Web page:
The following text is adapted from the chip datasheet; it could be clearer. I recommend watching this Bosch video for a good exposition.

Though the sensor fusion software runs the calibration algorithm of all the three sensors (accelerometer, gyroscope and magnetometer) in the background to remove the offsets, some preliminary steps should be ensured for this automatic calibration to take place.

The accelerometer and the gyroscope are relatively less susceptible to external disturbances, as a result of which the offset is negligible. Whereas the magnetometer is susceptible to external magnetic field and therefore to ensure proper heading accuracy, the calibration steps described below have to be taken.

Depending on the sensors selected, the following simple steps should be taken after every ‘Power on Reset’ for proper calibration of the device.

Accelerometer Calibration

  • Place the device in 6 different stable positions for a period of few seconds to allow the accelerometer to calibrate.
  • Make sure that there is slow movement between 2 stable positions.
  • The 6 stable positions could be in any direction, but make sure that the device is lying at least once perpendicular to the x, y and z axis.
  • The cal_status() method may be used to see the calibration status of the accelerometer.

Gyroscope Calibration

  • Place the device in a single stable position for a period of few seconds to allow the gyroscope to calibrate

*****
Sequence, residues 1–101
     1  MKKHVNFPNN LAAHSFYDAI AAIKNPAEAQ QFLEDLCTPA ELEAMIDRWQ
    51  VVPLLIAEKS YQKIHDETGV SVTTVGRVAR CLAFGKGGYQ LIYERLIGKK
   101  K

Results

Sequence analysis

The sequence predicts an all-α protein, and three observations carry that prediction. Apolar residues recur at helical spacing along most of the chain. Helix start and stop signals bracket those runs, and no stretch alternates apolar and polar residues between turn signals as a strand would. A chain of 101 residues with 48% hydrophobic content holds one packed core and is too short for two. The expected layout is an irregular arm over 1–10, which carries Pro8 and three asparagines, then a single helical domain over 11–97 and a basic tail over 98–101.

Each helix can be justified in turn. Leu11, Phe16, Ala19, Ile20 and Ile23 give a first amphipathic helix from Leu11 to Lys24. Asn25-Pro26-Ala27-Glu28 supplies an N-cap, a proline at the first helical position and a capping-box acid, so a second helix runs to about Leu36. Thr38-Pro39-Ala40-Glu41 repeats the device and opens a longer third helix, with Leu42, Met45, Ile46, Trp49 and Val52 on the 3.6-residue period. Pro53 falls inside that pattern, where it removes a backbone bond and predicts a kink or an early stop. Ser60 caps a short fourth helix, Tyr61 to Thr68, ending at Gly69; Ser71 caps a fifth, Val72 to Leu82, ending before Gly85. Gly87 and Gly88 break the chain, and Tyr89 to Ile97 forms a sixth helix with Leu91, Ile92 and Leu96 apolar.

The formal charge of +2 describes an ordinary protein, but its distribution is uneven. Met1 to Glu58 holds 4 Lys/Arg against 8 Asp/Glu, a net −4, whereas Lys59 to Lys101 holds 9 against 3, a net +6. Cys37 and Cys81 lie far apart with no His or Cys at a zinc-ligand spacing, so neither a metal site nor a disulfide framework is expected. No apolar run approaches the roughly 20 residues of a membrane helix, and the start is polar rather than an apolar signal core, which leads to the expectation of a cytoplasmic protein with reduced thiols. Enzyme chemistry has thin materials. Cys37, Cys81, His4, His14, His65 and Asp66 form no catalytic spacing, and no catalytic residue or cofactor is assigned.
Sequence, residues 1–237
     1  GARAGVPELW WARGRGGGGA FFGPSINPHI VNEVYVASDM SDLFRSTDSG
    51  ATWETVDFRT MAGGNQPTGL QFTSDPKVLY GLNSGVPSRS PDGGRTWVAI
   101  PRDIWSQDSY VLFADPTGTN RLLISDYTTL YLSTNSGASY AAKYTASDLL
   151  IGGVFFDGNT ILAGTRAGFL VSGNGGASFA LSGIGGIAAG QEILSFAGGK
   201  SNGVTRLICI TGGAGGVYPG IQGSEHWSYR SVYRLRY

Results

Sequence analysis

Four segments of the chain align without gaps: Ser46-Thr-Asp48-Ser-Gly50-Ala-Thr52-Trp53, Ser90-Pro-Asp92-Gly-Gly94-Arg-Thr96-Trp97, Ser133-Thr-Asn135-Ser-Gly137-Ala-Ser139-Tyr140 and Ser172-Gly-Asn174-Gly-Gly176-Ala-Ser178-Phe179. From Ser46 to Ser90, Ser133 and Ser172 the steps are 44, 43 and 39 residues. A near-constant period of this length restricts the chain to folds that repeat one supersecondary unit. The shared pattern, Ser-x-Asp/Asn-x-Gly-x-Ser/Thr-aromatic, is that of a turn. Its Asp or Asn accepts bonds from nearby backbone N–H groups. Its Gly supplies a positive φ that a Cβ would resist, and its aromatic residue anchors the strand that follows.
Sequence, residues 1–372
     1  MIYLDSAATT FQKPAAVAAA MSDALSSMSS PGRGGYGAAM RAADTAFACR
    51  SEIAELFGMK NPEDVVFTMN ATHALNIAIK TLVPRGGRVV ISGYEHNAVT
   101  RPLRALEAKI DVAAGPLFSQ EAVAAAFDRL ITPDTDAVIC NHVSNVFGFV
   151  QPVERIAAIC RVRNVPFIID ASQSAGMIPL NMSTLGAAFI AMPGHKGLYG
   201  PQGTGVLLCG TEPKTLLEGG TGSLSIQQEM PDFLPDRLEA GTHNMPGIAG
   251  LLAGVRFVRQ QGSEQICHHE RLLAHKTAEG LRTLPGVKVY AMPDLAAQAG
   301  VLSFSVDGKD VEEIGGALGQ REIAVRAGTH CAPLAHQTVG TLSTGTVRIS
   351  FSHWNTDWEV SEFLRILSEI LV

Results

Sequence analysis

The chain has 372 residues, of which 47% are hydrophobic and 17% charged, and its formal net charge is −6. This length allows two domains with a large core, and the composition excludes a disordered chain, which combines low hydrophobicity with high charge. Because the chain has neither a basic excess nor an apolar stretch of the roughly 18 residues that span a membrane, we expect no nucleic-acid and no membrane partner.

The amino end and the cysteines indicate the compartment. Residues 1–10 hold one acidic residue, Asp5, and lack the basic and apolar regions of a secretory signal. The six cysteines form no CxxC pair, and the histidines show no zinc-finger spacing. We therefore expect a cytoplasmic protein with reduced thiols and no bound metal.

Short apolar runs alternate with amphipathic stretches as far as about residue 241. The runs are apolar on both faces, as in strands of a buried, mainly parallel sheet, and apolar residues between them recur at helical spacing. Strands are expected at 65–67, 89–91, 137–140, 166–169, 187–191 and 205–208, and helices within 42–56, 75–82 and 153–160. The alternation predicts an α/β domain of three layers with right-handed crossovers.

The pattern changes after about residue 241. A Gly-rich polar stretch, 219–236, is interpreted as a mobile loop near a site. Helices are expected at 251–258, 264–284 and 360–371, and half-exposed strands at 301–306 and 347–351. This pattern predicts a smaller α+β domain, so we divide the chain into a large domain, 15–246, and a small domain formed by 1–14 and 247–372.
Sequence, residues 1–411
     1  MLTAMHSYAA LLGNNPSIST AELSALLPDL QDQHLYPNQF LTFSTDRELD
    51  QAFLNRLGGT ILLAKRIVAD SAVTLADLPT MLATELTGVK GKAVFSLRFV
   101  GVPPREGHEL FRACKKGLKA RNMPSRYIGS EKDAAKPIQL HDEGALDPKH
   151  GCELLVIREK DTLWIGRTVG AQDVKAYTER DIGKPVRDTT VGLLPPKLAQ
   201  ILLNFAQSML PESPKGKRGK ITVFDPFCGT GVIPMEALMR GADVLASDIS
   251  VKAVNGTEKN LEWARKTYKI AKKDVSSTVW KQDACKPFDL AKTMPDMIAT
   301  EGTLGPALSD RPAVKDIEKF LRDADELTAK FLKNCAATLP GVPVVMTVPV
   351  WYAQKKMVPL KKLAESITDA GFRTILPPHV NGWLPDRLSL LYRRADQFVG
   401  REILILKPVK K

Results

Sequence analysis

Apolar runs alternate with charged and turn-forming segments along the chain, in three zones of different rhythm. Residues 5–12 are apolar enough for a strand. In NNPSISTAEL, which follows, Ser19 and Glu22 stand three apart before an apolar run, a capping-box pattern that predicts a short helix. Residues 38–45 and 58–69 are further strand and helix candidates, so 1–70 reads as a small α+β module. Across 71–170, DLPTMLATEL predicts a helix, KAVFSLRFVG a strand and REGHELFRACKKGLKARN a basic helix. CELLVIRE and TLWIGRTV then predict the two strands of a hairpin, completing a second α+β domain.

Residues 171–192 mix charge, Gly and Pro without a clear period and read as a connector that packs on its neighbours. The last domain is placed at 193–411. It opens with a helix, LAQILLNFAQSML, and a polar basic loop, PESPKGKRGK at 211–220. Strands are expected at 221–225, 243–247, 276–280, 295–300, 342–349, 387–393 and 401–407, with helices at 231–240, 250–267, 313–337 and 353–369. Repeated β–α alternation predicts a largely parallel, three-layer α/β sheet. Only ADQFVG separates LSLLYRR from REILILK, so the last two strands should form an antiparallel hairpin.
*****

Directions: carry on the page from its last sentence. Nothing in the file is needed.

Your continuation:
• The cal_status() method may be used to see the calibration status of the gyroscope.

Magnetometer Calibration

Magnetometers in general are susceptible to both hard-iron and soft-iron distortions, but the majority of the cases are rather due to the former. The steps mentioned below are to calibrate the magnetometer for hard-iron distortions.

  • Make some random movements (for example: writing the number ‘8’ on air) until the cal_status() method indicates fully calibrated.
  • It takes more calibration movements to get the magnetometer calibrated than in the NDOF mode.


  • The same random movements have to be made to calibrate the sensor as in the FMC_OFF mode, but here it takes relatively less calibration movements (and slightly higher current consumption) to get the magnetometer calibrated.
  • The cal_status() method can be used to see the calibration status of the magnetometer.

5. Minimal Version

This is intended for devices such as ESP8266 where RAM is limited. Note that the full version will run on ESP8266 using ~14K of RAM. The minimal version reduces this to just over 9K.

The minimal version does not support vehicle-relative coordinates, ISR usage or configuration changes. Mode changes can be done, but symbolic names of modes are not supplied. The version is primarily intended for use in the default NDOF mode.

In use the bno055_base module is imported and the base class is used. Example tested on an ESP8266:

import machine
import time
from bno055_base import BNO055_BASE

i2c = machine.I2C(-1, scl=machine.Pin(2), sda=machine.Pin(0))
imu = BNO055_BASE(i2c)
calibrated = False
while True:
    if not calibrated:
        calibrated = imu.calibrated()
        print('Calibration required: sys {} gyro {} accel {} mag {}'.format(*imu.cal_status()))
    print('Temperature {}°C'.format(imu.temperature()))
    print('Mag       x {:5.0f}    y {:5.0f}     z {:5.0f}'.format(*imu.mag()))
    print('Gyro      x {:5.0f}    y {:5.0f}     z {:5.0f}'.format(*imu.gyro()))
    print('Accel     x {:5.1f}    y {:5.1f}     z {:5.1f}'.format(*imu.accel()))
    print('Lin acc.  x {:5.1f}    y {:5.1f}     z {:5.1f}'.format(*imu.lin_acc()))
    print('Gravity   x {:5.1f}    y {:5.1f}     z {:5.1f}'.format(*imu.gravity()))
    print('Heading     {:4.0f} roll {:4.0f} pitch {:4.0f}'.format(*imu.euler()))

6. References

Adafruit BNO055 breakout
Adafruit CircuitPython driver.
Device datasheet